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In 2019, in Germany, lignite coal supplied 19.7% of net energy generated, and hard coal another 9.4%. Coal-fired power plants accounted for over two-thirds of Germany's energy sector carbon emissions in 2019. Therefore, in order to attain the mid and long-term target of the German energy transition, it is inevitable to reduce the share of coal power and finally phase out coal power completely. As a simultaneous and too sudden phasing out of nuclear power (until end of 2022) and coal power would be a serious threat to security of supply, a gradual phase-out path needed to be determined.
A government-appointed commission – the so-called coal commission - has proposed phasing out all coal power by 2038 the latest, a target the government will implement in close coordination with the federal states. The government’s plan includes support and compensation payments for structural changes in the coal mining regions and for job opportunities for coal miners and other employees in the sector.
This means, Germany will give up 43.87 GW of installed total capacity of coal power plants: 21.11 GW of lignite coal and 22.76 GW of hard coal. This equals 21% of today’s total installed capacity. Today’s coal capacity will be reduced to 17 GW by 2030 and then finally be phased out by 2038.
In 2019, Germany already shut down 1.02 GW of hard coal.
Lignite coal is still mined in Germany in open-pit mines with detrimental effects to the environment and small communities. Hard coal mining was terminated by the end of 2018.
Many experts argue that a natural phase-out of coal might happen even earlier, as rising CO2 prices will make coal more and more expensive and technological progress will make RES cheaper and cheaper, therefore RES will just push coal out of the market.
As of today, production of hard coal energy costs between 6.27 and 9.86 Euro Cent (EuroCt/kWh) and of lignite coal between 4.59 to 7.98 EuroCt/kWh plus very high external costs due to GHG emissions and pollution. Depending on the location, onshore wind costs between 3.99 and 8.23 EuroCt/kWh and offshore wind between 7.79 and 13.79 EuroCt/kWh, with extremely low added environmental and other external costs.
While coal power plants provide a stable and reliable base load supply, they are highly inflexible and cannot be adjusted to actual energy demand at short notice. This leads to the absurd situation, that on very windy days, wind parks have to be shut down as the power grid is blocked by inflexible fossil power.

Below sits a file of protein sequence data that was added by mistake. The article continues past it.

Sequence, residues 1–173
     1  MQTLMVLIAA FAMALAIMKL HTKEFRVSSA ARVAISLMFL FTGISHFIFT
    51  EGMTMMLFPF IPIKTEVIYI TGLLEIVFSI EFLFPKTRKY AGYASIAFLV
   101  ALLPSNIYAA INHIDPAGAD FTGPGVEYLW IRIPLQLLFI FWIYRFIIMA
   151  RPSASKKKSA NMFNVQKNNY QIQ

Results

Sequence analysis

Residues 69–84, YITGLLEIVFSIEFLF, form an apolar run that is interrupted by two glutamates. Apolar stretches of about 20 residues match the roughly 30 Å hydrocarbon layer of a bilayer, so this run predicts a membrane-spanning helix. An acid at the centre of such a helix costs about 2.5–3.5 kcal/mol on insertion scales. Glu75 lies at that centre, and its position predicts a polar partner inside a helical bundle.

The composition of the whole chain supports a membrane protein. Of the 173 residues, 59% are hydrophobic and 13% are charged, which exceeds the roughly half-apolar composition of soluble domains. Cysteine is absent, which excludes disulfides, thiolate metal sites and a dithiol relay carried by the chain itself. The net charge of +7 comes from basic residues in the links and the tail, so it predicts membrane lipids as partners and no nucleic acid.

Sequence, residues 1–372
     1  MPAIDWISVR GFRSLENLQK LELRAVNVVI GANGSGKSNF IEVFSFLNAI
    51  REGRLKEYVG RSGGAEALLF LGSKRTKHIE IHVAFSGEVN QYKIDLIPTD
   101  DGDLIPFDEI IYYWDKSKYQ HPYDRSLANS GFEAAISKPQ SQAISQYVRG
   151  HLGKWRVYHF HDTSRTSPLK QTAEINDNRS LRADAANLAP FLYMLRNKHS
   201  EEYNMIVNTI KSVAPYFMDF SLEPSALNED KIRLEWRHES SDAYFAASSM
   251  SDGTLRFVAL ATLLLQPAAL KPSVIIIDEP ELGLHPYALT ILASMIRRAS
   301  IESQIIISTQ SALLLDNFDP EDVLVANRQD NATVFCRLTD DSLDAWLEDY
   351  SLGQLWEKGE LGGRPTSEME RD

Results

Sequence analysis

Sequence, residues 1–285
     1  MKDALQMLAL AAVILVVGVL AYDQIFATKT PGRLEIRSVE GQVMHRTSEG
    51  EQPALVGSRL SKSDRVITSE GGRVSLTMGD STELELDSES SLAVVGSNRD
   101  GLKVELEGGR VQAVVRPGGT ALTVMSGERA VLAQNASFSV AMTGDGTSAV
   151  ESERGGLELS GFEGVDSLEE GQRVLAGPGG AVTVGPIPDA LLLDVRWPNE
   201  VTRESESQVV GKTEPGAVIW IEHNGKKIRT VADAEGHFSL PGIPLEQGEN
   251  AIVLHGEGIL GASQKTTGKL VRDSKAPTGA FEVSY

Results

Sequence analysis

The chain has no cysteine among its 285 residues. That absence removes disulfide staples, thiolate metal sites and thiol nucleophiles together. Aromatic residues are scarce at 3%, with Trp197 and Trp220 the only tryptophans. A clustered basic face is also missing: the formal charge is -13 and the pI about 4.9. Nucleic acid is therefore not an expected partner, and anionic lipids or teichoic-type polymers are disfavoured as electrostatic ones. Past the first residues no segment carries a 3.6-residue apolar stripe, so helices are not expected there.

Germany’s lignite coal power plants are amongst the biggest GHG emitters and polluters in Europe. The coal exit will reduce Germany’s CO2 emissions significantly.
At the same time, the phasing out of will reduce hard coal imports, and thus reduce dependence on fossil fuel imports.
The government promised to enshrine the proposed coal exit into law by the end of 2019, but discussions on assistance for structural change in the four lignite coal mining regions are yet to be finalized. The law is scheduled to be passed in early 2020.
In order to maintain security of supply, (natural) gas will play an important role as bridging and back-up technology. Modern gas power plants boost relatively high efficiency rates, emit relatively less CO2 and may adjust the output according to energy demands. By the end of 2019, Germany had 29.85 GW of installed gas capacity which produced 10.3% of all electricity generated.
Energy produced by gas costs between 7.78 and 9.96 EuroCt/kWh. The modern high tech gas power plants with highly flexible turbines are still a bit more expensive: up to 11.03 EuroCt/kWh. Environmental costs are less than half compared to coal. Germany has little gas reserves and imports 90% from the Netherlands, Norway and Russia.
With the development of efficient power-to-gas technology, Germany has already started to produce gas from renewables and the existing gas infrastructure will play an important role in storing and using gas produced by renewables.
The diversification of natural gas supply is currently ongoing. However, two opposing supply routes are subject to intensive geopolitical debates: The second direct gas pipeline to Russia (NorthStream II) is challenged for reasons of increased dependence on Russia, and the announced „alternative“ import of liquified natural gas from the United States is challenged due its considerable negative environmental impacts dues to the highly polluting way of its extraction in the US. Besides an entire new LNG infrastructure has to be set up in the first place, primarily in Northern Germany.
Disclaimer: this information has been compiled by the German Institute Taipei based on information provided by trustworthy governmental, scientific and other sources. While we have taken great care to cross-check information, we cannot guarantee accuracy. Note, that some data might be provisional and is subject to adjustments (01/2020).